WASHINGTON (Reuters) – The U.S. Federal Trade Commission criticized Facebook Inc on Thursday for making “misleading claims” to explain why it had disabled the accounts of researchers studying political ads on the social media platform.
But Facebook spokesman Joe Osborne later told Wired that the consent decree was not a reason to disable the researchers‘ accounts. Instead, the decree required the creation of rules for a privacy program, which is what he said the researchers had violated.
Laura Edelson, one of the researchers, denied any wrongdoing, Wired said.
The FTC posted a letter to Facebook CEO Mark Zuckerberg saying that it was “inaccurate” that the company’s actions were required under the 2019 consent decree.
“While I appreciate that Facebook has now corrected the record, I am disappointed by how your company has conducted itself in this matter,” wrote Sam Levine, the FTC’s acting director of the Bureau of Consumer Protection.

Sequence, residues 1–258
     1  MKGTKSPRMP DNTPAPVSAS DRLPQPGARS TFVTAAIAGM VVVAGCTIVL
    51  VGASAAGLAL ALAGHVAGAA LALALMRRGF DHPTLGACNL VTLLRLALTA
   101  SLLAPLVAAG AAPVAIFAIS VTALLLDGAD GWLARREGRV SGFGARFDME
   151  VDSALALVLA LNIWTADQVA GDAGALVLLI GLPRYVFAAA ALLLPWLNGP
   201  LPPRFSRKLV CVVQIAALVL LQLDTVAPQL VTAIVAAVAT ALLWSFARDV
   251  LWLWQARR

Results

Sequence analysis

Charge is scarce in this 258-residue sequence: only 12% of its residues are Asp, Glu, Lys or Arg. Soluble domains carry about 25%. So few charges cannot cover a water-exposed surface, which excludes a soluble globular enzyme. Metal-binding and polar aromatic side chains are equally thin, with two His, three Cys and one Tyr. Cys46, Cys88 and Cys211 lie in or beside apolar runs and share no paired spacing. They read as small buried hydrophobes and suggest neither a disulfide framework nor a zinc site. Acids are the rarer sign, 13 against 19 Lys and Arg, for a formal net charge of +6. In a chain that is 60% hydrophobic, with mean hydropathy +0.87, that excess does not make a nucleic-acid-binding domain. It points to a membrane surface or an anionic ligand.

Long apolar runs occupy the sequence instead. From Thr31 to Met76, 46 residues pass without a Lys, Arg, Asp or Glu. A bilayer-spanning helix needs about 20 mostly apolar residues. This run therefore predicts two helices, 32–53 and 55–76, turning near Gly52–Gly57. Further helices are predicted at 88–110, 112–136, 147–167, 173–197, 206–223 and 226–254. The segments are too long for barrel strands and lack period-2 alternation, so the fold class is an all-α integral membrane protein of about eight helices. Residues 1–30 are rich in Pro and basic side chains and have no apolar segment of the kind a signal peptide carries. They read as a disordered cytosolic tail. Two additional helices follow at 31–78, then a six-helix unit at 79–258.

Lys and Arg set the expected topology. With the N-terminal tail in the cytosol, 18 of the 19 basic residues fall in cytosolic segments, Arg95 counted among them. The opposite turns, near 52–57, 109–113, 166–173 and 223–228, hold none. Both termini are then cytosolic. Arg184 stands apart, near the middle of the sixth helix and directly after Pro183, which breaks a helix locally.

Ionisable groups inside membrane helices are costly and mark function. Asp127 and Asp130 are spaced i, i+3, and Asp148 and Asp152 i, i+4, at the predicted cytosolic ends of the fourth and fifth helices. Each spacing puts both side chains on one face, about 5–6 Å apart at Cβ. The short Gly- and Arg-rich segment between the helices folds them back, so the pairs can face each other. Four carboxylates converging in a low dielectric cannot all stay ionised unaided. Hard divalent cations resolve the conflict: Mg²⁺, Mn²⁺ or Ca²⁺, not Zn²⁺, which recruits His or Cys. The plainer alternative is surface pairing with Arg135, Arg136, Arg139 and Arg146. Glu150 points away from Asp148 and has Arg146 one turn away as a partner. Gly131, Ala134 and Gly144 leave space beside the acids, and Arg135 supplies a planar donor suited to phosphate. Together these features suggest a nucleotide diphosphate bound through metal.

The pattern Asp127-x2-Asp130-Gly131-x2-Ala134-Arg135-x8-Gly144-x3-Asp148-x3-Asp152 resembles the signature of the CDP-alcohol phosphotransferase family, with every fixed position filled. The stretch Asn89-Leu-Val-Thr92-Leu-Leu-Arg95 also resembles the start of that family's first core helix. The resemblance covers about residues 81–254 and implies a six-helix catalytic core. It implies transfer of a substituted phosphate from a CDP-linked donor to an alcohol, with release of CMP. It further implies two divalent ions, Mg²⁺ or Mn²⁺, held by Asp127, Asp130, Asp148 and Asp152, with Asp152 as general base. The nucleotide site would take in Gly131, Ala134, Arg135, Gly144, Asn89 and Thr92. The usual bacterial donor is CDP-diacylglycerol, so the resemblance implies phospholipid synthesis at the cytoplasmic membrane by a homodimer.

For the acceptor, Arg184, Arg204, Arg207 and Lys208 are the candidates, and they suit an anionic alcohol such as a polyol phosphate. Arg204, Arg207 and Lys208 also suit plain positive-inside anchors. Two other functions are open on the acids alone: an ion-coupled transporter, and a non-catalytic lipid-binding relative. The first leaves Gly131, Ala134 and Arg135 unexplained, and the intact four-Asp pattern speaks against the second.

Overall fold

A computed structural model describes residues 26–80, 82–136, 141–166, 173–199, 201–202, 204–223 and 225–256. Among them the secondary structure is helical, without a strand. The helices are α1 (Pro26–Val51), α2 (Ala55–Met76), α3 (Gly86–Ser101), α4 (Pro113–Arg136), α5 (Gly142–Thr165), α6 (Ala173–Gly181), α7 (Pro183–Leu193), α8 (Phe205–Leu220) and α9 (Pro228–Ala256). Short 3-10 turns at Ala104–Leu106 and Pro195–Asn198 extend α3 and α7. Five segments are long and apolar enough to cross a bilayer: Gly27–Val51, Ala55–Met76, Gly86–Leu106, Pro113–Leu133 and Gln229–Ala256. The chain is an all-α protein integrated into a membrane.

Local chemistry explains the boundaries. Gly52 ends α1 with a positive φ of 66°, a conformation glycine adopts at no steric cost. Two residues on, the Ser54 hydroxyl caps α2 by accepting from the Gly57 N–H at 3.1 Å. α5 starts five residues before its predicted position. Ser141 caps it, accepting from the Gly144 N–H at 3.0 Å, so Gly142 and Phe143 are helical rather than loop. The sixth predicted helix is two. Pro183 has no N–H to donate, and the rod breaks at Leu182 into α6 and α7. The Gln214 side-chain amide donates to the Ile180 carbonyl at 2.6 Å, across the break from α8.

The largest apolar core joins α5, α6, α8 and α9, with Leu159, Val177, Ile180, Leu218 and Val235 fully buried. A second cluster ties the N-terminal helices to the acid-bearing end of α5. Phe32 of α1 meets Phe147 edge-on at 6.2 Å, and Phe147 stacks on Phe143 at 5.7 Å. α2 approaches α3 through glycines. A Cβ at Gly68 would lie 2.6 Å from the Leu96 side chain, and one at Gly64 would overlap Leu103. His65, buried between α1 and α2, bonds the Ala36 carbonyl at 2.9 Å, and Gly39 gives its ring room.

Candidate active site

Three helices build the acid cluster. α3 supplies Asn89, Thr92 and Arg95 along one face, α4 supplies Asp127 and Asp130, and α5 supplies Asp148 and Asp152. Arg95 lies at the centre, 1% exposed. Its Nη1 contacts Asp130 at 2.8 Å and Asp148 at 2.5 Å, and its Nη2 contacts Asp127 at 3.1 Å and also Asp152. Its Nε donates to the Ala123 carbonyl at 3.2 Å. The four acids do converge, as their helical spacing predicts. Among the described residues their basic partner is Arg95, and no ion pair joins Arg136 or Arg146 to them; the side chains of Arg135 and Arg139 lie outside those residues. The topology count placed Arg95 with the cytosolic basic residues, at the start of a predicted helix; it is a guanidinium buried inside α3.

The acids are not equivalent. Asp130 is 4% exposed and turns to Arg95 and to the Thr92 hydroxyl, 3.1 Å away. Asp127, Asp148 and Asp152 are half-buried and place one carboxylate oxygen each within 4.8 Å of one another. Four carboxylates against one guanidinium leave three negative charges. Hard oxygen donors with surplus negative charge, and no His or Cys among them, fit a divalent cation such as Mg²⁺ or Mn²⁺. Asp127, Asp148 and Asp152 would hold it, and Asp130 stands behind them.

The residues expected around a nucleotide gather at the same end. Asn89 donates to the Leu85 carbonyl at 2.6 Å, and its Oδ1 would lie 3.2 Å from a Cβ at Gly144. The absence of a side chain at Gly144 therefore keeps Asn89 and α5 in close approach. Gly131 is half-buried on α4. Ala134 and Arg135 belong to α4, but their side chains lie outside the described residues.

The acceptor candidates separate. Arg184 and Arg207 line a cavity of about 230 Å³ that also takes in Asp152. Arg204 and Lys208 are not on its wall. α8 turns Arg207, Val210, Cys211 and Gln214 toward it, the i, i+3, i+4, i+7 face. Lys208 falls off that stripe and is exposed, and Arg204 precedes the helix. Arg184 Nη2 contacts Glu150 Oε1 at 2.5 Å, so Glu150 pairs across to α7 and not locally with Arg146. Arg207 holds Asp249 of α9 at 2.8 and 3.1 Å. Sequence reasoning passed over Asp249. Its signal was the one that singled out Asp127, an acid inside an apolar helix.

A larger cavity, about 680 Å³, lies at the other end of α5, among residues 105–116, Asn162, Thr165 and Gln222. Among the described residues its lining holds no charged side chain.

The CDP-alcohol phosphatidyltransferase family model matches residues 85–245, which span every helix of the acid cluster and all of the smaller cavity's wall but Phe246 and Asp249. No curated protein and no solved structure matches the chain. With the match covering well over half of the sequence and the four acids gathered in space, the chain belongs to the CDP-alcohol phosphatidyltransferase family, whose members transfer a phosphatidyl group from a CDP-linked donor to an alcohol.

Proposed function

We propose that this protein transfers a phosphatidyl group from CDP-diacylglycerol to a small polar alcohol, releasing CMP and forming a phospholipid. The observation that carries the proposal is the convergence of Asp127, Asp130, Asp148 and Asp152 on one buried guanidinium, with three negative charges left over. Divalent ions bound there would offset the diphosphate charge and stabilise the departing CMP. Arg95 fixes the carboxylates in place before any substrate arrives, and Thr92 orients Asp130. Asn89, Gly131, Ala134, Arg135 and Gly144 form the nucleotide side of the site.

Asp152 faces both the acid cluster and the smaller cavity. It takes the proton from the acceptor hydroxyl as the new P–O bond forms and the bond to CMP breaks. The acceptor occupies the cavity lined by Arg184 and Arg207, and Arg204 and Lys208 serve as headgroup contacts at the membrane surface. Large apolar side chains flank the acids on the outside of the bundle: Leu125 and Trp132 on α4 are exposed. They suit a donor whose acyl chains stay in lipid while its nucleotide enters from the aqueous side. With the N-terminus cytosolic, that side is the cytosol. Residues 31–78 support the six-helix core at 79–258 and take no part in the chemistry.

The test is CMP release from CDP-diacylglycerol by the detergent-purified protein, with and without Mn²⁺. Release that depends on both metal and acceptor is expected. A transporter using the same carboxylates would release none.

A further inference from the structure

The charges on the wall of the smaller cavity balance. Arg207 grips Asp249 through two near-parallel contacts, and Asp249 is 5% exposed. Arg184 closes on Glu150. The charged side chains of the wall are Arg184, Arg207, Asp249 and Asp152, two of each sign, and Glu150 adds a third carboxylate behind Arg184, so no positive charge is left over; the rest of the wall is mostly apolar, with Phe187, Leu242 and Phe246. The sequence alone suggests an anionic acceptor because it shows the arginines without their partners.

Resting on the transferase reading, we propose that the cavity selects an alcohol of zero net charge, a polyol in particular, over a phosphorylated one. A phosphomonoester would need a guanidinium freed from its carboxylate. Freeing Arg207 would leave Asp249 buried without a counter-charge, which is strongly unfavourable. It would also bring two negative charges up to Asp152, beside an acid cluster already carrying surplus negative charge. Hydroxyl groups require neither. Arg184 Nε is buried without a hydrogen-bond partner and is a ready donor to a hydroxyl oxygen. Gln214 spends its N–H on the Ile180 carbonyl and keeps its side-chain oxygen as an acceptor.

“The FTC received no notice that Facebook would be publicly invoking our consent decree to justify terminating academic research earlier this week.”
Facebook paid a record-setting $5 billion fine to resolve the FTC probe into its privacy practices and boosted safeguards on user data.
“While it is not our role to resolve individual disputes between Facebook and third parties, we hope that the company is not invoking privacy much less the FTC consent order as a pretext to advance other aims,” he wrote.
Separately, the FTC sued Facebook in December for allegedly violating antitrust law. That complaint was dismissed and the agency has an Aug. 19 deadline to refile it.
(Reporting by Diane Bartz; Editing by Stephen Coates)